From being affirmed as the ‘rock on which the Church was to be built’, to being called ‘Satan’, must have been quite a shock to Simon Peter because only a moment ago did Jesus praise Simon Peter and said to him, “Blessed are you, Simon son of Jonah!” What a turn around and Simon Peter must have been struck dumb upon hearing Jesus’ words.

Interestingly, in the gospels, Peter, on whom Christ was going to build His Church, is the only human person called “Satan”. The use of the word ‘Satan’ on Peter was not done in any derogatory way but used to describe a stumbling block to Jesus fulfilling His mission. After His baptism at the river Jordan, Jesus went into the desert to prepare for His public ministry. It was here that Satan tempts Him in a way to prevent Him from starting His mission, but Jesus did not succumb.

Once Jesus “began to show His disciples that He must go to Jerusalem and suffer many things from the elders and chief priests and scribes, and be killed, and on the third day be raised” (Mt 16:21), it unnerved the disciples. Just like in the desert, Satan schemes all over again to derail Jesus from fulfilling His salvific mission that will be manifested through the cross. Though Peter may have only expressed his affinity and concern for “Christ, the Son of the Living God”, Jesus saw in Peter’s words the diabolically inspired temptation to avoid His going to the cross and dying for the sins of the world and conquer evil.

Naively, Peter and perhaps all the disciples and those who followed, expected Jesus to establish an earthly kingdom. In telling Peter off, Jesus makes it clear that avoiding the suffering and death that awaits Him in Jerusalem, is equivalent to Jesus turning away from His mission and from God. This had been the intention of Satan from the beginning and if Jesus gave in, evil would have triumphed.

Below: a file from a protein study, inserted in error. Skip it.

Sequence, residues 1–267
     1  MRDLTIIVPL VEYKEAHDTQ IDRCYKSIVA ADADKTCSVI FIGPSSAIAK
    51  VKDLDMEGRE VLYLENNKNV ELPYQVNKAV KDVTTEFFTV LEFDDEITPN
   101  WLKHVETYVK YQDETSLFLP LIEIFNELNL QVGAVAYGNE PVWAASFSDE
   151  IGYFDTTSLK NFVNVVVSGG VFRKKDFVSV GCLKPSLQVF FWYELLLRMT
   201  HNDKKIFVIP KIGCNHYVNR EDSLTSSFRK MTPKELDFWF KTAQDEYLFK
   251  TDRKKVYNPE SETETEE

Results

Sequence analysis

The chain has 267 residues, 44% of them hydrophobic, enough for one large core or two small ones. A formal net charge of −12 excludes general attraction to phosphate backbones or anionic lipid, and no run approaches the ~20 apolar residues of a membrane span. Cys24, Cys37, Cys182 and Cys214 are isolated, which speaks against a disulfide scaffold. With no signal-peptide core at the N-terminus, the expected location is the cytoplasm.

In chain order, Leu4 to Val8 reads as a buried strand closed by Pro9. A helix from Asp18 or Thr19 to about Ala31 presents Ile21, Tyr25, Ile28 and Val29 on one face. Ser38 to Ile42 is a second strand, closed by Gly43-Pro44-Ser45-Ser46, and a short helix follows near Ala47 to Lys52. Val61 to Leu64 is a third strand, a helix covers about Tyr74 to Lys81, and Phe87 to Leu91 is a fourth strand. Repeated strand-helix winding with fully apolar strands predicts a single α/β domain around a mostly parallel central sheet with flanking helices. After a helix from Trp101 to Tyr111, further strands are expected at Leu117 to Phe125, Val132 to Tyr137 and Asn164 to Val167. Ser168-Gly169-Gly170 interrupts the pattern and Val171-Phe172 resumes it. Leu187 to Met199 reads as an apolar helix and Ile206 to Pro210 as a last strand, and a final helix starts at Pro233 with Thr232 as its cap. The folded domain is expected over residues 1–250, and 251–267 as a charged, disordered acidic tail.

Edmund Burke, an Irish statesman and philosopher once said that “The only thing necessary for the triumph of evil is for good men to do nothing.” Jesus could have quite easily taken the easy path and not choose the road to Jerusalem, knowing very well what awaits Him. In order to triumph over evil, Jesus had to embrace the cross and that means being faithful to the will of His Heavenly Father. The very thing Peter was trying to prevent was the very thing Jesus came to accomplish.

The cross is integral to the Christian identity and that is why Jesus immediately after rebuking Peter tells the disciples “If anyone would come after me, let him deny himself and take up his cross and follow me (Mt 16:24). Though the cross can be heavy and challenging, by embracing the cross, we too can deny evil any victory. That is why there is no room for neither indifference nor apathy in Christian discipleship. Many people succumb to this ideology and say… ‘Why should I get involved when it only concerns someone else?’. “If we do not oppose evil, we feed it tacitly” (Pope Francis). Let us be courageous in carrying the cross and consciously counter evil by actively living out charity in the footsteps of Jesus, especially in the carrying out good deeds. Amen.

22 Sunday in Ordinary Time (30 August 2020)